В Українському гідрометцентрі повідомляють, що завтра, 16 жовтня, в Україні переважно без опадів. 

Як повідомляють в Укргідрометцентрі, завтра лише вночі у південних і східних областях місцями невеликий дощ.

За даними синоптиків, температура у західних областях та на Одещині вночі 7-12 градусів тепла, вдень 17-22, на решті території вночі 4-9° тепла, вдень 13-18.

У Києві, за даними Укргідрометцентру, завтра без опадів, вночі 6-8, вдень 15-17 градусів тепла. 

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In Africa, LGBT Rights Activists Worry About Trump impact

Gay rights activist Joseph Achille Tiedjou is worried every day that he will be harassed or arrested in Cameroon.

 

Defending LGBT rights can be dangerous in Africa, where many countries have laws against homosexuality. But in recent years activists have stepped out of the shadows, empowered by the support of the Obama administration and the international community.

 

Now many fear the Trump administration will undermine those gains, and that their exposure could make them more vulnerable if support fades.

 

“I have so many worries with the new administration,” the 32-year-old Tiedjou said, pointing out Trump’s ban on transgender people in the U.S. military. “Obama was known to be very engaged. Hillary Clinton was a champion of LGBT rights and made many guarantees in addressing these issues specifically.”

 

Obama’s administration made LGBT rights a major domestic and foreign policy, though some in Africa saw it as pushing “Western ideals.” The Obama administration also created a special envoy position on LGBT rights. The Trump administration has said it will keep the post, but concerns remain.

 

 

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Yes or No? Catalan Separatists Face Critical Answer to Spain

Catalonia’s president is facing a critical decision that could determine the course of the region’s secessionist movement to break away from Spain.

The Spanish government has given Carles Puigdemont until Monday morning to clarify if he did or didn’t actually declare independence earlier this week.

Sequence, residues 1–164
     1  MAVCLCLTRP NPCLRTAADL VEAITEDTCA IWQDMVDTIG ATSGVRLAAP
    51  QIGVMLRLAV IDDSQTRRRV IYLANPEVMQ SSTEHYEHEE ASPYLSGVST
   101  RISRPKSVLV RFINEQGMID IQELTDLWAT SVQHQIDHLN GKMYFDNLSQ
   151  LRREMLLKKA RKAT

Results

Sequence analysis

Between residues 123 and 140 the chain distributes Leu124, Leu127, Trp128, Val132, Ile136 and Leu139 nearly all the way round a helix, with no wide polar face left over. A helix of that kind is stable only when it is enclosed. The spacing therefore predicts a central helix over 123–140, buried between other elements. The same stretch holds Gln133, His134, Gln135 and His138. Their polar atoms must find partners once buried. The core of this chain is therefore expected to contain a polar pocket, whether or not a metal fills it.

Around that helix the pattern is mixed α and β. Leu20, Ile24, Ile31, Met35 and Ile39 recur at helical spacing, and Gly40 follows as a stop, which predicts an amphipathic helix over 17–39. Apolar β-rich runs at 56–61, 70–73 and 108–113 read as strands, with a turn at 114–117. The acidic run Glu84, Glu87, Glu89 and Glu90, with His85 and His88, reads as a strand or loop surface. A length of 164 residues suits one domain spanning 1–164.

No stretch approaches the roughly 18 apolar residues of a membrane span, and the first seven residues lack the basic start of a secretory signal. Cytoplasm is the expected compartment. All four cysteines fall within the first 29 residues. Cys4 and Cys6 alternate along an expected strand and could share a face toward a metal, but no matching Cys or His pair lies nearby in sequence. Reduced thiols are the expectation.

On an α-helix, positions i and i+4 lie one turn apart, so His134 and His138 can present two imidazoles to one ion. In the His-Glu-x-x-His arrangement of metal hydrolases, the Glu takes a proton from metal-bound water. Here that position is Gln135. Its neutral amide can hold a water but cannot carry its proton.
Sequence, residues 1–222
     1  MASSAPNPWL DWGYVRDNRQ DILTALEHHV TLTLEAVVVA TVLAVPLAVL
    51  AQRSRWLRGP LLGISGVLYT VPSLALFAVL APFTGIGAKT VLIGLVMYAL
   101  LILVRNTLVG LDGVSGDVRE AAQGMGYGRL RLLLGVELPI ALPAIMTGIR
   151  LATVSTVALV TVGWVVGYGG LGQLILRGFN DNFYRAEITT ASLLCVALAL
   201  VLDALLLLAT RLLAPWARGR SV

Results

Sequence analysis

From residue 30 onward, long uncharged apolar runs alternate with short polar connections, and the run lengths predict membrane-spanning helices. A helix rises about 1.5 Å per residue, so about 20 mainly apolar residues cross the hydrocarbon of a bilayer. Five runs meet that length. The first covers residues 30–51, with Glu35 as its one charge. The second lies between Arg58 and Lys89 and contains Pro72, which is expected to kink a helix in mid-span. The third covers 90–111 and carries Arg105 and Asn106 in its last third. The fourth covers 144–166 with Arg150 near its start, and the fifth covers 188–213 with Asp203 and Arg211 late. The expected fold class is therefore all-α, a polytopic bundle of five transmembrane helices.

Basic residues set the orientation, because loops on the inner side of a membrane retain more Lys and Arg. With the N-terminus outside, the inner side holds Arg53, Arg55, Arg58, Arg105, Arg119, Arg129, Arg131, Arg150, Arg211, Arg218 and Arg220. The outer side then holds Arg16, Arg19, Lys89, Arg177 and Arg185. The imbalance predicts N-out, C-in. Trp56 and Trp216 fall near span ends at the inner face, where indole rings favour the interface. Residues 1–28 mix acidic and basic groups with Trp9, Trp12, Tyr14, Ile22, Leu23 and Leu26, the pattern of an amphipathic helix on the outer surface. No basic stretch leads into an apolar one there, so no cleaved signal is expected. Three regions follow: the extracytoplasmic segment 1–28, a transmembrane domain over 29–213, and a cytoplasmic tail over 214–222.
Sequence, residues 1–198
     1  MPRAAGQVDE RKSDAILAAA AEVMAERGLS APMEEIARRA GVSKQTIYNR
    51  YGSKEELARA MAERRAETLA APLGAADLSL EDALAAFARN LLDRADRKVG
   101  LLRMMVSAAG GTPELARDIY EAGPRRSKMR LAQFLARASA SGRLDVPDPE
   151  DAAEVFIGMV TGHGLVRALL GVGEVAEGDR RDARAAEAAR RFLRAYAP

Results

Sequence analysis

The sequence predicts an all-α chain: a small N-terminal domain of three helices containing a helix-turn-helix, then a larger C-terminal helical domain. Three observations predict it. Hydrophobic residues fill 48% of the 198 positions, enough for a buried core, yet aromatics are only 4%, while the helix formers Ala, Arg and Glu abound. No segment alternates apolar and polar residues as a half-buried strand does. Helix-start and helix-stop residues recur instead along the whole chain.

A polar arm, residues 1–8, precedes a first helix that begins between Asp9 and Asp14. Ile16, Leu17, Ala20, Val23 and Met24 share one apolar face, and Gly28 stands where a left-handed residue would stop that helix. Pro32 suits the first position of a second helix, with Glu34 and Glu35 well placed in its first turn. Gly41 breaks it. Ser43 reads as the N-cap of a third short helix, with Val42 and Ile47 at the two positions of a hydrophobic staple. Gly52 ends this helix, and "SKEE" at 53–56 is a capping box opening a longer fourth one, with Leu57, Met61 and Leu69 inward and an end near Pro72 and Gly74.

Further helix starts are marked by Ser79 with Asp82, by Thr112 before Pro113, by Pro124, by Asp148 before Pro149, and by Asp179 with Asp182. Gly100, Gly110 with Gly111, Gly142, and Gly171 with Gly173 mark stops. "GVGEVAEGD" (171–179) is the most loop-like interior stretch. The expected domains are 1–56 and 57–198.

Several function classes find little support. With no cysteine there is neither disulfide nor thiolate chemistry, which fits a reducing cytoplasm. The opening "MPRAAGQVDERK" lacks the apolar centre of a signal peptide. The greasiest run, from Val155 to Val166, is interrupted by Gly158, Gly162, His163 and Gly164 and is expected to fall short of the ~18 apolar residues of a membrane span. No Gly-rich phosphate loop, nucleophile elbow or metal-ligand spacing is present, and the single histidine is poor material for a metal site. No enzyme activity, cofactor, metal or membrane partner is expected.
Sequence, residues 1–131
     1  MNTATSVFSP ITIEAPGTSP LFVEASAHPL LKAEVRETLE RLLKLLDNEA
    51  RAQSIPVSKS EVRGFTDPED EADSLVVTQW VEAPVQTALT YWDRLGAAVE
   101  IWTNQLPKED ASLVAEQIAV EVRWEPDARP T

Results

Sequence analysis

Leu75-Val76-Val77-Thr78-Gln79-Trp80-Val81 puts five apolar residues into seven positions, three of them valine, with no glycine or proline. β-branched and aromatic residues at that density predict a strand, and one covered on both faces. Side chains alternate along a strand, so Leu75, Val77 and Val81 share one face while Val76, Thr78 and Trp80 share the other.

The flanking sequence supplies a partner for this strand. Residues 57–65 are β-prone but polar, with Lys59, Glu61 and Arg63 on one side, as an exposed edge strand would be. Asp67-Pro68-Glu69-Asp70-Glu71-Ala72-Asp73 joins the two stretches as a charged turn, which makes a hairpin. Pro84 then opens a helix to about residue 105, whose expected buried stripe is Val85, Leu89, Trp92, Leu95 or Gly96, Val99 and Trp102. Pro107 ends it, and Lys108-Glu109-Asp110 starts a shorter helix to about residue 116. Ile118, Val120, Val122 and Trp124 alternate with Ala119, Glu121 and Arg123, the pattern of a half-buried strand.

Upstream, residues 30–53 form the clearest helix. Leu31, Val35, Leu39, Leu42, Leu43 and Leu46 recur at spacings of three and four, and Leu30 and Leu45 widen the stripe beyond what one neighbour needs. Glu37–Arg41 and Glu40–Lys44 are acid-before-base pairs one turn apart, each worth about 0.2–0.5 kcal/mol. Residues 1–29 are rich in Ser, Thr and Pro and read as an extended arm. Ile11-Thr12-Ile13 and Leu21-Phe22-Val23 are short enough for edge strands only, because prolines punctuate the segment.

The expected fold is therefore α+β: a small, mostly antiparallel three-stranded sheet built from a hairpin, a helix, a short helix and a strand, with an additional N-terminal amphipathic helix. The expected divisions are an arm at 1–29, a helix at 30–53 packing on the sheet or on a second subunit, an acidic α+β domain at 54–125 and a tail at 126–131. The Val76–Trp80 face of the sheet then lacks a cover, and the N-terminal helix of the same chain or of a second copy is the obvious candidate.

Puigdemont told Catalan lawmakers Tuesday that he had “accepted” a mandate for independence based on the results of a disputed referendum, but that he wanted parliament to delay its implementation “for a few weeks” to give one last chance to open negotiations with Spain.

If Puigdemont replies “Yes” to Madrid on Monday, then Spain’s government has given him until Thursday to back down or else Catalonia’s ample self-rule could be temporarily suspended.

But if Puigdemont replies “No,” he will face rebellion from hardliners inside the secessionist camp which could topple his government and force a regional election for Catalonia. The far-left CUP party said on Saturday that it will withdraw its support from Puigdemont’s government if he fails to make a firm statement for a declaration of independence and deliver on that promise in the regional parliament.

Puigdemont gave no hints on what his answer will be when he briefly spoke on Sunday at a traditional memorial to former Catalan leader Lluis Companys, who was executed in 1940 by the troops of dictator Gen. Francisco Franco.

“In place like this and on a day like this, my government wants to reiterate its commitment to peace … and democracy ahead of the decisions we must make,” Puigdemont said after placing flower arrangements at the site where Companys was shot and at his tomb in Barcelona.

Moderates in the secessionist bloc are backing Puigdemont’s attempt to talk with Madrid, despite its repeated rejections of even considering the possibility of Catalonia splitting away.